Egyptian/Canadian nonbinary artist, Elko, has released their new EP, PAINKILLER TWILIGHT. The album was written during quarantine, reflected in the overall theme of disillusionment that permeates through PAINKILLER TWILIGHT. The lead single “Dishonest” is accompanied by a music video shot by Cincinnati media outlet, Soul Serum.
Growing up in a Muslim household under parents who immigrated to Canada from Egypt, Elko has always played the role of misfit, and their artistry is an extension of that disposition. Elko says,
“As a kid I wasn’t allowed to express myself in so many ways, my sense of self had been really distorted. A few years ago, I moved to Toronto and things started to change, but there were a lot of growing pains. Painkiller Twilight is in many ways a narration of things I went through figuring out how to not feel disconnected all the time. It’s about still pushing through and exploring identity after being fucked up by life”.
PAINKILLER TWILIGHT has eight tracks: Fall Apart, Dishonest, Selfish, Pretty Little Lies, Kicked Me Out (ft. SuziWithAnUzi), Common, and I’m A Mess (ft. BadMoodRude). All eight songs are a perfect representation of Gen Z music—pairing gut-wrenchingly raw lyrics with a sound that defies genre. The EP is a modern fusion of alternative, indie, abrasive electronic, and synth-driven bedroom pop. His sound reminds me of artists like blackbear, Ansel Elgort, and Juice WRLD.
I love everything about PAINKILLER TWILIGHT—listening to this album makes me wish I was an angsty teen in a toxic relationship. I thoroughly appreciate artists who bare their soul to the world through their music, and this is exactly what Elko does. “Selfish” opens with the lyrics “smoking cigarettes to feel something, daddy issues don’t mean nothing, tell myself that he means nothing, who am I kidding?”. Every track is a deep self-reflection into Elko’s own psyche that makes it incredibly easy to relate to them. If I had to pick, my favourite song is “Kick Me Out”. Elko’s use of autotune and SuziWithAnUzi’s haunting vocals give me chills.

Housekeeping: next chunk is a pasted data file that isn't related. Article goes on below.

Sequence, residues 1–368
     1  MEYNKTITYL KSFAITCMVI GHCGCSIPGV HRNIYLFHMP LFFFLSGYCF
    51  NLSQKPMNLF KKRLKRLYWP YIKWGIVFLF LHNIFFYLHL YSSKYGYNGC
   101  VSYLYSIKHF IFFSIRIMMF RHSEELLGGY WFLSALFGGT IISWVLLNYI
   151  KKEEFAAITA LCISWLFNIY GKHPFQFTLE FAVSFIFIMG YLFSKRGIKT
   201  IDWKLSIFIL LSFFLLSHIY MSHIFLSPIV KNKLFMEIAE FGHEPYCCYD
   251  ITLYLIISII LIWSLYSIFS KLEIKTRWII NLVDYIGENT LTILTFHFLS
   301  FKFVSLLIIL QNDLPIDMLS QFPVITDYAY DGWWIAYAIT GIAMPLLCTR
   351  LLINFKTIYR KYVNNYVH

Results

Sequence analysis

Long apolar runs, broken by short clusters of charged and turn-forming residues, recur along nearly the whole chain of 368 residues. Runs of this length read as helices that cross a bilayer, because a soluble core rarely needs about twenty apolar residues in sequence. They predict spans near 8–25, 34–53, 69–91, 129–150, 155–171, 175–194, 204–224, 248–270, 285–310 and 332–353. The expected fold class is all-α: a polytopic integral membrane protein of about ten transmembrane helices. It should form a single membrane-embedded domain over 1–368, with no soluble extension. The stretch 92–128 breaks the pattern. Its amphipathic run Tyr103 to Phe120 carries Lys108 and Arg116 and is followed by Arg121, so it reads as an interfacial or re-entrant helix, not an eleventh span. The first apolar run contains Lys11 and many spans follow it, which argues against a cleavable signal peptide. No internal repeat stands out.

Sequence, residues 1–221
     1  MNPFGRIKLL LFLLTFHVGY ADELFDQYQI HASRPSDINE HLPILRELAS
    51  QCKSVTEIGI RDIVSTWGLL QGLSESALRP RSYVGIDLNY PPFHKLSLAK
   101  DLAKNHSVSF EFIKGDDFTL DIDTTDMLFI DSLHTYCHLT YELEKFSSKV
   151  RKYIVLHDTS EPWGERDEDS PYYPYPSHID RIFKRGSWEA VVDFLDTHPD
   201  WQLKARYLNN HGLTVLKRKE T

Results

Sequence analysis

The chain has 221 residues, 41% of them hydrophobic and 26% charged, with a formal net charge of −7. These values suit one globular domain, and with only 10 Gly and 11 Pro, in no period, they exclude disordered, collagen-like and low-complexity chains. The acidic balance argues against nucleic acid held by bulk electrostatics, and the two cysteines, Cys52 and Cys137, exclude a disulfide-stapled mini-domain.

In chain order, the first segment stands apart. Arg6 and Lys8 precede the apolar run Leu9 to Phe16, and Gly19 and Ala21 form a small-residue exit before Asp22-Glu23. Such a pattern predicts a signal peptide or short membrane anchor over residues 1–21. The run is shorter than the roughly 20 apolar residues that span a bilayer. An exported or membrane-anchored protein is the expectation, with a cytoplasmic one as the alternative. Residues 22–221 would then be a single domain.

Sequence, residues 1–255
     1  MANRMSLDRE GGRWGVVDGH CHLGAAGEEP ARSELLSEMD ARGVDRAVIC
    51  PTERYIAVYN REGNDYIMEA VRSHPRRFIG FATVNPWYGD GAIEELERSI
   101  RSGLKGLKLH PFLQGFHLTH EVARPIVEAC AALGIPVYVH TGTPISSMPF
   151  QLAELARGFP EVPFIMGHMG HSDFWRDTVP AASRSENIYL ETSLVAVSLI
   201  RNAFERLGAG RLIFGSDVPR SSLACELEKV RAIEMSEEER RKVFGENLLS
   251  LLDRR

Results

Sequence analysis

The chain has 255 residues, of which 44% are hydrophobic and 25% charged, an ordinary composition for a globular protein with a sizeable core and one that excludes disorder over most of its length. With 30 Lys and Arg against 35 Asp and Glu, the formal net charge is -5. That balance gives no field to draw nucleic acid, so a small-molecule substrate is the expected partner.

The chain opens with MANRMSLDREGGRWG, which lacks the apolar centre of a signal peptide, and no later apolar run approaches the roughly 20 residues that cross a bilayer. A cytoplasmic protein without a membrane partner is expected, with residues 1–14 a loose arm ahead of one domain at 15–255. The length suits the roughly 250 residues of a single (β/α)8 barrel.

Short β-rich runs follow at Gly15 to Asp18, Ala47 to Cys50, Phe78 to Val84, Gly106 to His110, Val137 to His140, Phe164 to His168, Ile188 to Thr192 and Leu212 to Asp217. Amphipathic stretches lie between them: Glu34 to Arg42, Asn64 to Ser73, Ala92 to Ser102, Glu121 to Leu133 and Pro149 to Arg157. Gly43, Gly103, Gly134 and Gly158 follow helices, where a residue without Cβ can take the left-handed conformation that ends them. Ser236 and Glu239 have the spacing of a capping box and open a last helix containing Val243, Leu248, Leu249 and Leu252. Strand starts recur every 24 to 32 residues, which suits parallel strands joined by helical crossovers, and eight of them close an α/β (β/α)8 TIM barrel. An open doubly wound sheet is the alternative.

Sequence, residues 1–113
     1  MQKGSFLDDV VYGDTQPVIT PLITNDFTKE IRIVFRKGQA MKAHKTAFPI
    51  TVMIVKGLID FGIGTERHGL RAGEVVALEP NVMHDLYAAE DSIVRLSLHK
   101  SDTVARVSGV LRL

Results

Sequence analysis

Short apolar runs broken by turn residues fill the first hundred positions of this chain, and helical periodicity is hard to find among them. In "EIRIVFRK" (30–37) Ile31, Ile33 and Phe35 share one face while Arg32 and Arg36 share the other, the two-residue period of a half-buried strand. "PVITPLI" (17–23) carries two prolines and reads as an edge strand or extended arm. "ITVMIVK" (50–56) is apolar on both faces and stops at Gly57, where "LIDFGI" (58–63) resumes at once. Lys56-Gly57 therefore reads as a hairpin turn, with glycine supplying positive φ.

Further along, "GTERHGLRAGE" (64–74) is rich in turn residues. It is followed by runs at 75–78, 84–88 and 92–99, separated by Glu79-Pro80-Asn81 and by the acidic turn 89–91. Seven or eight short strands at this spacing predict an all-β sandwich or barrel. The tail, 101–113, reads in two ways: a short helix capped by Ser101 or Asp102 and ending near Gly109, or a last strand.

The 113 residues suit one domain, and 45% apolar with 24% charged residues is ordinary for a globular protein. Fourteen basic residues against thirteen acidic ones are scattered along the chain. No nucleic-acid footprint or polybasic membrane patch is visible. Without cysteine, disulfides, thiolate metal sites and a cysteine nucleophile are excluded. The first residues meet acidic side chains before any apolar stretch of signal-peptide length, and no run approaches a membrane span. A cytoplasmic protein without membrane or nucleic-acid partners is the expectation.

That being said, I was not a huge fan of the music video for “Dishonest”, which features Elko getting out of bed, dancing in their room, and walking through their neighborhood. Again, the video is very representative of the Gen Z take on music videos—the low-budget, recorded on an old video camera look. Maybe I much prefer Elko’s music video for “Fall Apart”, probably because it follows the typical music video format that I grew up with (does that make me sound old?). This video features Elko driving to a party, singing to their disappearing love interest in the passenger’s seat. Cut with selfie-footage of a party and risqué scenes with the love interest, the video for “Fall Apart” feels like a classic music video that fits the vibe of the song perfectly.
Overall, PAINKILLER TWILIGHT is “fire”, as the kids would say.